More than half of the natural gas connections in the Waterville area inspected by Summit Natural Gas of Maine since December were found to have been improperly installed, and the company has already replaced more than 60 connections, mostly to homes, documents filed with the Maine Public Utilities Commission reveal.

Electrofusion tees, a piece of equipment that connect individual service lines to the gas main, were incorrectly installed by contractors hired by Summit during its ambitious natural gas buildout in the Kennebec Valley.

The company’s May 1 report to the PUC states that 82 out of the 144 tees inspected by the company in Waterville, Fairfield and Madison – about 57 percent – failed a visual inspection. Most of the tees were replaced within two days, but 21 were still waiting to be replaced as of Friday.

The company “initially targeted the electrofusion tees with the greatest likelihood of needing replacement,” said Summit spokeswoman Tammy Poissonnier in an interview Monday.

“We went to the ones we felt would fail first,” she said.

A visual inspection involves digging up a section of gas line and checking to see if the pipe was prepared according to specified procedures before the tee was installed. If the equipment fails the visual test, the company turns off gas service to the connected customer as the tee is replaced, a process that can take up to 12 hours.

Summit intends to inspect 434 tees installed in the three communities over the next few months. Large commercial customers, such as Huhtamaki, a paper products company straddling the Waterville-Fairfield line, will not be affected by the inspections because they hook up to the main line using a different type of equipment, Poissonnier said. Not every tee inspected is connected to an active gas customer, she said.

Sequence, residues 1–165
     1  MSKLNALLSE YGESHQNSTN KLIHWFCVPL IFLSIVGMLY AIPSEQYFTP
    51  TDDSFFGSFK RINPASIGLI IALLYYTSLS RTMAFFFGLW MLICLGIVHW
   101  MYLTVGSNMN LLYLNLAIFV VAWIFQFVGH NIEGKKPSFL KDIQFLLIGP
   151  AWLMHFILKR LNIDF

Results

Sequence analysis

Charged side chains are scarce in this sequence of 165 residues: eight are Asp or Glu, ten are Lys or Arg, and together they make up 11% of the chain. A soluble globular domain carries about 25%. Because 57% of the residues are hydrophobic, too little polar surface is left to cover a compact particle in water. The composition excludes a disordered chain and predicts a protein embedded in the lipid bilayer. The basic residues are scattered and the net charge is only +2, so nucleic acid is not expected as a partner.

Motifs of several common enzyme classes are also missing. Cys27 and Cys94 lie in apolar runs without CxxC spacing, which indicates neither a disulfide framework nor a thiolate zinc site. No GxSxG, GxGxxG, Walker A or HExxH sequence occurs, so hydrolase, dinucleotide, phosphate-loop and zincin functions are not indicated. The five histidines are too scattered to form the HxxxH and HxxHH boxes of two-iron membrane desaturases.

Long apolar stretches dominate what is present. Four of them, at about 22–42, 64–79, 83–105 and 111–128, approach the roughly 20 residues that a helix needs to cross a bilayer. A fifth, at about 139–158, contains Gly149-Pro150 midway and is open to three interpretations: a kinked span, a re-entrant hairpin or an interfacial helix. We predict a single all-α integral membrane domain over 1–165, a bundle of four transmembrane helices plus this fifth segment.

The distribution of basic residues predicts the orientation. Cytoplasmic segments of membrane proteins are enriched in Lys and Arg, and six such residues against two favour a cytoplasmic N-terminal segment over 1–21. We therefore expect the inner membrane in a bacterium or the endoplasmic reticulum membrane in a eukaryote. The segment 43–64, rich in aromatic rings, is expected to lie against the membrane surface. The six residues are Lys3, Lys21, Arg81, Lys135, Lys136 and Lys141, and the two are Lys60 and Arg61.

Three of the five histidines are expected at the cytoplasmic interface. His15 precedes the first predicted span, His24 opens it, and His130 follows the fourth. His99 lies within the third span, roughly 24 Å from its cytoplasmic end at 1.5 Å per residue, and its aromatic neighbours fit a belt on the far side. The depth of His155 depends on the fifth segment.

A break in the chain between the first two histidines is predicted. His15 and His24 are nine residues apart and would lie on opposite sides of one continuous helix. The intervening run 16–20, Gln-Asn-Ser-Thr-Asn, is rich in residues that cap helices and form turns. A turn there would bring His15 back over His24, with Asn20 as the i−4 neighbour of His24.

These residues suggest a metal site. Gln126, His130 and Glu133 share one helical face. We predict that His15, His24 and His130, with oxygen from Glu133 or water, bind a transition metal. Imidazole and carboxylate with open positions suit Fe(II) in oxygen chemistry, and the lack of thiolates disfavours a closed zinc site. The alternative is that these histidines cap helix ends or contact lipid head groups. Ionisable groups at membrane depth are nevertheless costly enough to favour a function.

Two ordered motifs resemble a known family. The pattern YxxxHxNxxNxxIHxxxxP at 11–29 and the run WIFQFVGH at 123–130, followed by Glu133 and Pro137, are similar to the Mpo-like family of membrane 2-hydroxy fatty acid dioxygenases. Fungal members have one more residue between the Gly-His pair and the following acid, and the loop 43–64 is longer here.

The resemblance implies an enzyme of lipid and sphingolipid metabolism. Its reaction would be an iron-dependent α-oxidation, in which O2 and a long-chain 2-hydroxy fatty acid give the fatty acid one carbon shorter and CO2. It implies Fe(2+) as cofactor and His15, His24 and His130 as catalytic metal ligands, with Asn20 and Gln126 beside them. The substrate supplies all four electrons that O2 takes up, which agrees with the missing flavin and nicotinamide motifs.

Incorrectly installed tees have resulted in one gas leak since November. The company tests its lines every 75 days to check for leaks, the spokeswoman said.

The company expects to complete all replacements by the beginning of August, according to Poissonnier.

Summit is no longer working with the contractor that installed the tees being inspected, CCB Inc. of Westbrook, and Poissonnier would not discuss further issues with the contractor or answer whether litigation was planned.

“Due to ongoing legal and regulatory discussions, we cannot elaborate in any more detail regarding the contractor involved with this work,” Poissonnier said.

CCB did not respond to a voicemail left Monday afternoon.

The failed tee installations come after other issues with Summit’s performance on the gas-line installation project.

In December, the company agreed to pay a $25,000 fine to resolve charges that it used unqualified contractors and then falsified a test to make it look like the workforce had the correct certification.